Loehmann's is going out of business.
My mother was the epitome of bargain shopper: she'd drive 20 miles to save a penny on toilet paper, but she'd save a penny. She was also a compulsive shopper who would only allow herself to buy discount. Bargain hunting was truly about the hunt; if a $800 Donna Karan sweater was out there marked down to $39.99 she was going to find it.
Loehmann's had a section called The Back Room and this was where the good stuff was. Next to Syms, The Back Room was her favorite haunt. Price tags had the retail price above their discount price so you could see exactly how much of a deal you were getting. During sales new prices would go on, but they were placed in a way where you could see the old. Bargains became real bargains.
The first time I went to Loehmann's I was in college and my mother took me to look for a dress for my step-brother's wedding. From then until about ten years ago, the way my mother and I bonded - sometimes the only way - was by going to Loehmanns and cruising the racks whenever I'd go north and visit her. I'd look in my size and style and she'd look in hers nearby and would constantly pull things in her style for me. "This sweater is Georgio Armani. It was $799.99 and is now on sale for ... you have to try this. It's $29.99"
"Ma, there's a giant snag down the front of it."
"Put a pin over it or one of your necklaces you paid full price for in New York. Look at this! Romeo Gigli, a jacket. $29.99. This is very sophisticated, perfect for New York."
"Ma, it's three sizes too big."
"You could wear the Armani sweater under it to bulk it up."
The Loehmann's near her was in Swampscott, Mass. and there were no dressing rooms. The Back Room had mirrors sporadically placed on the walls and when you found things to try you'd strip down wherever you could find a place to. Outside the Back Room were a row of chairs where men would sit holding Louis Vuitton purses on their laps, silently waiting to see how big the bill would be. Inside, women you've never seen would look you up and down assessing loudly whether or not a particular dress or pair of pants "suited you" or "fit right" or "showed your asset a little too tightly."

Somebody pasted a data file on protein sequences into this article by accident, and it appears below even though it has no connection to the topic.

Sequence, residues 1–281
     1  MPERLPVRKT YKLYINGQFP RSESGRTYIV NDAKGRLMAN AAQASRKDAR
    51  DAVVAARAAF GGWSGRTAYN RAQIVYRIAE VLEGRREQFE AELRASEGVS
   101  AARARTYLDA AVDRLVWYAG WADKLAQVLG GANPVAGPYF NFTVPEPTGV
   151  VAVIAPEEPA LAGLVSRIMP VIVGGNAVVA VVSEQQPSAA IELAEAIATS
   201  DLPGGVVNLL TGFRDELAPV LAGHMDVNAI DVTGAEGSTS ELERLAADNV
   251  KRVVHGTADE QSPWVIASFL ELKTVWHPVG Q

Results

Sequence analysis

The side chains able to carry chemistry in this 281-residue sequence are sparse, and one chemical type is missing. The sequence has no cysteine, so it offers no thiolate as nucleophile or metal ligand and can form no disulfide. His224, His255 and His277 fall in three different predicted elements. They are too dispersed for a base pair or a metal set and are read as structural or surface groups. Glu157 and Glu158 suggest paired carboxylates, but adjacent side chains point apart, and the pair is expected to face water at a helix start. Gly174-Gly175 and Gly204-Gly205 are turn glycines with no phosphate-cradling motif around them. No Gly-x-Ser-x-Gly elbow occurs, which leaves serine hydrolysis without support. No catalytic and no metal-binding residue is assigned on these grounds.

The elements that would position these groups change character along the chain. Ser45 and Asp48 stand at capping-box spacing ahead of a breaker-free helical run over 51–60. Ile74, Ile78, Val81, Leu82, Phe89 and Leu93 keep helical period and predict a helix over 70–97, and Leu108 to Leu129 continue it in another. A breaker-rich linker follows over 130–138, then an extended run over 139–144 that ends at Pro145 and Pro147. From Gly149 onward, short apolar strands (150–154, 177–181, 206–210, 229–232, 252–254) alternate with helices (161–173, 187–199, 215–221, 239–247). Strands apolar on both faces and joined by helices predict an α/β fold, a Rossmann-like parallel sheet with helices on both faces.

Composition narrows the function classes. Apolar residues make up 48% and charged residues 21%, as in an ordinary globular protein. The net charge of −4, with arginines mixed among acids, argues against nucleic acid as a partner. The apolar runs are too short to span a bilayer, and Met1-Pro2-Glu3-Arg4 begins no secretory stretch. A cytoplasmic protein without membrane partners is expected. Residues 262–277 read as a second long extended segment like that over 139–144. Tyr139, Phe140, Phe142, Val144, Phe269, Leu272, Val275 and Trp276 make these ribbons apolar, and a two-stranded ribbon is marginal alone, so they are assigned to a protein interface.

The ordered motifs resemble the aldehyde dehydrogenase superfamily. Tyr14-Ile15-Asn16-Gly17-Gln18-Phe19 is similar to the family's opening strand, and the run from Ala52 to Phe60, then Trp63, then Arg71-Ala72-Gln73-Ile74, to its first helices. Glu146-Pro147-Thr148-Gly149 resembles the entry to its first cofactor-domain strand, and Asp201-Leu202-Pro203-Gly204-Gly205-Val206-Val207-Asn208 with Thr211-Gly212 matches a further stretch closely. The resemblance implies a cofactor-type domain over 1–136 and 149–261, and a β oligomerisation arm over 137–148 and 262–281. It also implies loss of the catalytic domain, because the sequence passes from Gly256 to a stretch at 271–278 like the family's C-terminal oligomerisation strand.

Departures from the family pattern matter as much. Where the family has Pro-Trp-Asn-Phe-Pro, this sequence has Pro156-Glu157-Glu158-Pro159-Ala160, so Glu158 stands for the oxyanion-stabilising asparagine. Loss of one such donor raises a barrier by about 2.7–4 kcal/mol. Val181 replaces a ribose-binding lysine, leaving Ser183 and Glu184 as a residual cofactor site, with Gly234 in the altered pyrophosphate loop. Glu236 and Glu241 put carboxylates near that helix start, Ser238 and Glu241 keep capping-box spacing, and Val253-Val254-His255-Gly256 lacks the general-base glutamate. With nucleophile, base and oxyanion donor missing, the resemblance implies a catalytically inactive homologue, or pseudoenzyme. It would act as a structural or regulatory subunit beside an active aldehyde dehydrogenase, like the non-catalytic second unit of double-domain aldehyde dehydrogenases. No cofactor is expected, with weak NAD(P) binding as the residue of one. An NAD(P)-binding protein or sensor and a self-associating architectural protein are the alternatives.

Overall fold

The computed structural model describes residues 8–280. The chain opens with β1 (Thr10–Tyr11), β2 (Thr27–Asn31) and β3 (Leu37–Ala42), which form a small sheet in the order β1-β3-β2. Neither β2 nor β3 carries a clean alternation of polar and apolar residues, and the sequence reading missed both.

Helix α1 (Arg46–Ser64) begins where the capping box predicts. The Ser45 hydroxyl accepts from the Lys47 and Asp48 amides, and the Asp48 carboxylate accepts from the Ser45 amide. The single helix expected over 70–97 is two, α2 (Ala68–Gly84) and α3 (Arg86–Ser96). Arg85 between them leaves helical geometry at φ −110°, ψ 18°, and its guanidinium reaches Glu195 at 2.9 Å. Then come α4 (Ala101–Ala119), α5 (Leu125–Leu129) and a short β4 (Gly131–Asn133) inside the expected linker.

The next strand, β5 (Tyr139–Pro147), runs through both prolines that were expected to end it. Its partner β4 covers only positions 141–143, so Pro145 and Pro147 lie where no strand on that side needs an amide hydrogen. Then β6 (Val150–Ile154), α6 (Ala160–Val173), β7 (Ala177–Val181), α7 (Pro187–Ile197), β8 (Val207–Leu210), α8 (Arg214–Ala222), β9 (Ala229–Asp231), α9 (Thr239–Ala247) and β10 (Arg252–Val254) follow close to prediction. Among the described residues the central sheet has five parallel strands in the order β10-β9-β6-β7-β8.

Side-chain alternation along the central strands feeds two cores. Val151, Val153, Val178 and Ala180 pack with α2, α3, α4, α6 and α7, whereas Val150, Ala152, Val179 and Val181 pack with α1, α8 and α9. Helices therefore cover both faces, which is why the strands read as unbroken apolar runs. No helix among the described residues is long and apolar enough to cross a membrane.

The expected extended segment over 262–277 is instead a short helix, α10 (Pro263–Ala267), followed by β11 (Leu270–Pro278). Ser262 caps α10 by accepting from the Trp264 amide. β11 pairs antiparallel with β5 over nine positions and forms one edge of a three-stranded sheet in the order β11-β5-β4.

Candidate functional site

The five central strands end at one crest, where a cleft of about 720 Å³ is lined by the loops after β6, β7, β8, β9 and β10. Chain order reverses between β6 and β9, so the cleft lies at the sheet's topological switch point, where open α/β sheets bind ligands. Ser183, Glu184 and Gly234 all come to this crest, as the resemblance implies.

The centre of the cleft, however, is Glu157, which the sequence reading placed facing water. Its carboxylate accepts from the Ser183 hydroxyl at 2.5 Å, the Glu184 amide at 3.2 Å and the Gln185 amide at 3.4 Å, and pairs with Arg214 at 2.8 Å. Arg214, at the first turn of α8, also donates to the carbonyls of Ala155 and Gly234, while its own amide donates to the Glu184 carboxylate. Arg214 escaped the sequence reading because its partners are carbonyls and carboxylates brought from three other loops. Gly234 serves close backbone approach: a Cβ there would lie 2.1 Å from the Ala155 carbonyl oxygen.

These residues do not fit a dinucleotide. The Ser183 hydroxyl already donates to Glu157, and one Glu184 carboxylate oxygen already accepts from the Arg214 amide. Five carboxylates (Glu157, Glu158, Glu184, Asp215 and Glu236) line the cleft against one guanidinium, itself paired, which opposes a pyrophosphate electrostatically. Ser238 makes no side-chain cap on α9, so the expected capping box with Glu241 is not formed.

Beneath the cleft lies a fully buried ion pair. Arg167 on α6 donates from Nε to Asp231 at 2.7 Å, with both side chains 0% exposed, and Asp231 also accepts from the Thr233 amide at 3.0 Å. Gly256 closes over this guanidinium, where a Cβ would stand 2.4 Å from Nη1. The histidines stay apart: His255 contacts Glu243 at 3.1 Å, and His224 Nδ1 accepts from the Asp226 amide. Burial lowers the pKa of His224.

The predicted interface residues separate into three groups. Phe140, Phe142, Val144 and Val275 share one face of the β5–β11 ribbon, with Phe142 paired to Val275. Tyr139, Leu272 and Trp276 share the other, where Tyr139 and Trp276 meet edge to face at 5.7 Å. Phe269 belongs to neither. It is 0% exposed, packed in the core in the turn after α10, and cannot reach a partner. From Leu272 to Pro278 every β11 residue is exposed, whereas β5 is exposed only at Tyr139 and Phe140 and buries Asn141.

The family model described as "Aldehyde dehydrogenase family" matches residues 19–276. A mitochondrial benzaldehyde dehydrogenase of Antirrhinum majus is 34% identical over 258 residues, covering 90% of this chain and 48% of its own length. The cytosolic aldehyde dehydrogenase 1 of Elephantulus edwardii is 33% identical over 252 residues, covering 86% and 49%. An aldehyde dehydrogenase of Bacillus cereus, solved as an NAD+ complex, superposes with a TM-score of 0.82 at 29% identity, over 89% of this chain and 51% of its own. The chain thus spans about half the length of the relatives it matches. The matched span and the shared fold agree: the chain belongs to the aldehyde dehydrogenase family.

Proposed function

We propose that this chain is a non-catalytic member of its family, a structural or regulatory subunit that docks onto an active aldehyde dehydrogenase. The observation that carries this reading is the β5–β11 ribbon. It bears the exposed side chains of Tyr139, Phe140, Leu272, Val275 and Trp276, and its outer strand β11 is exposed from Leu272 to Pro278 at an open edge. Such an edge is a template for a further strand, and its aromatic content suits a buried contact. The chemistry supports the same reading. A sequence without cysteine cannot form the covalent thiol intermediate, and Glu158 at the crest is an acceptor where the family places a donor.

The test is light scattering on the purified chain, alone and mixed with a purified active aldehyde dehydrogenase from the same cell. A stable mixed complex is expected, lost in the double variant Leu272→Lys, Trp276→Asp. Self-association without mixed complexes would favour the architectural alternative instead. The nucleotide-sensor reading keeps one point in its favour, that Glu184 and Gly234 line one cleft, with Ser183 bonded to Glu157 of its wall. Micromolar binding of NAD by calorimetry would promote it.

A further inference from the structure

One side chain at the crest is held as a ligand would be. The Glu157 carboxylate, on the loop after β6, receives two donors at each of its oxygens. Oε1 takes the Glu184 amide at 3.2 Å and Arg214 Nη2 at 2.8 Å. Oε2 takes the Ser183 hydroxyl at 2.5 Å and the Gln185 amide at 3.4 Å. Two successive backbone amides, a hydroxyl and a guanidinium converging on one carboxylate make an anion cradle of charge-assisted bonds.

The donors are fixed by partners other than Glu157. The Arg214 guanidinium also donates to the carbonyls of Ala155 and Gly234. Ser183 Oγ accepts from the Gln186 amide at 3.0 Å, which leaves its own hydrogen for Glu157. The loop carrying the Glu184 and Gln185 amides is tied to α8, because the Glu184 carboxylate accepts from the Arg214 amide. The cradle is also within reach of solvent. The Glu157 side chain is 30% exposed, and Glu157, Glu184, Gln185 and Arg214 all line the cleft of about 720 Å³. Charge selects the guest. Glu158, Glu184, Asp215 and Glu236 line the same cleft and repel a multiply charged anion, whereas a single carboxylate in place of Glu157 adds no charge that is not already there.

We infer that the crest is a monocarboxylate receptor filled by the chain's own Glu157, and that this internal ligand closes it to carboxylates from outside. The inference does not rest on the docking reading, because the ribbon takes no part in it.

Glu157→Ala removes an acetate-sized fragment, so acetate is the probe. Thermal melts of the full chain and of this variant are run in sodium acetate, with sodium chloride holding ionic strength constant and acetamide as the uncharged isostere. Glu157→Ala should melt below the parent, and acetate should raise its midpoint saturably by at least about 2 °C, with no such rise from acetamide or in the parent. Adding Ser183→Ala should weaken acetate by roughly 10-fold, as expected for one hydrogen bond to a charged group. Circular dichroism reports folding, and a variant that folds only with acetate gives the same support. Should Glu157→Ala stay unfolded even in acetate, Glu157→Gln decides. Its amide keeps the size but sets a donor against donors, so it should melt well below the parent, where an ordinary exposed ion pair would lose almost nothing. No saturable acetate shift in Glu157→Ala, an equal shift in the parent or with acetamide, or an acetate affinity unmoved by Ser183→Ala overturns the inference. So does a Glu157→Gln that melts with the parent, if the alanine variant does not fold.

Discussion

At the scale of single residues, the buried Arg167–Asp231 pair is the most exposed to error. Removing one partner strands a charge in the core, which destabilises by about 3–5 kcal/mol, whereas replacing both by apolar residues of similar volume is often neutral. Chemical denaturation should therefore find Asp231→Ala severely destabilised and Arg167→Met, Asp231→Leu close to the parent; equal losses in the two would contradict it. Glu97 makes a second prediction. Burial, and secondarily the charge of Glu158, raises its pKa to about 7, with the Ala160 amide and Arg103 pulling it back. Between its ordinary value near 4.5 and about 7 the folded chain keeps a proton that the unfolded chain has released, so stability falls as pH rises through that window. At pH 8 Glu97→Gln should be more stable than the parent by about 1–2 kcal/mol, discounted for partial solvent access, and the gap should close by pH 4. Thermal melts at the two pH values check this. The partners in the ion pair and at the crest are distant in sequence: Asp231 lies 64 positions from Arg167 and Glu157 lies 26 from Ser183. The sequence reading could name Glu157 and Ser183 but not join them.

New York had a Loehmann's in the Bronx, which I never went to because it was too far from downtown, but then one opened up near 17th Street. The first time I walked in I felt simultaneously free given there was no at 19.99 you can roll the sleeves up soundtrack, but I also felt like I was cheating on her. Loehmann's was our time together; our conversations may have consisted only about fabric and give and washing instructions, but standing in our underwear let us feel close.
What I started to do was call her whenever I found something great, something that I knew would make her proud. "I got a Dolce and Gabbana silk shirt that was $699. I paid $79.99" She'd want to know the color, how to wash it, what I'd wear it with. After she died I didn't visit the store for a year - it was how I sat shiva - and then two years ago I ventured up to 17th Street. I went upstairs to the Back Room and it immediately felt different. Had Loehmann's lost its sheen because she died, or was it because of the new retail paradigm? I went back a few more times and there wasn't much to be had. Despite the savings there was nothing with my name on it, as she would say. But I saw that I, too, had changed. Since she passed, I no longer had it in me to scour the racks for a deal.
I still have the Dolce and Gabbana silk shirt as well as a Plein Sud sequined dress ($69.99 marked down from $800.) I also have a handknit Perry Ellis bodysuit from our first Back Room shopping trip ever, the one where we looked for a dress for my step-brother's wedding. I don't remember who made that dress but it was a killer. Over the next month I'll hit Loehmann's one more time, mostly to say goodbye. I'm really going for my mother; with everything on sale I can feel her twitching to get there. It's Prada for $19.99. A vest will hide the stain.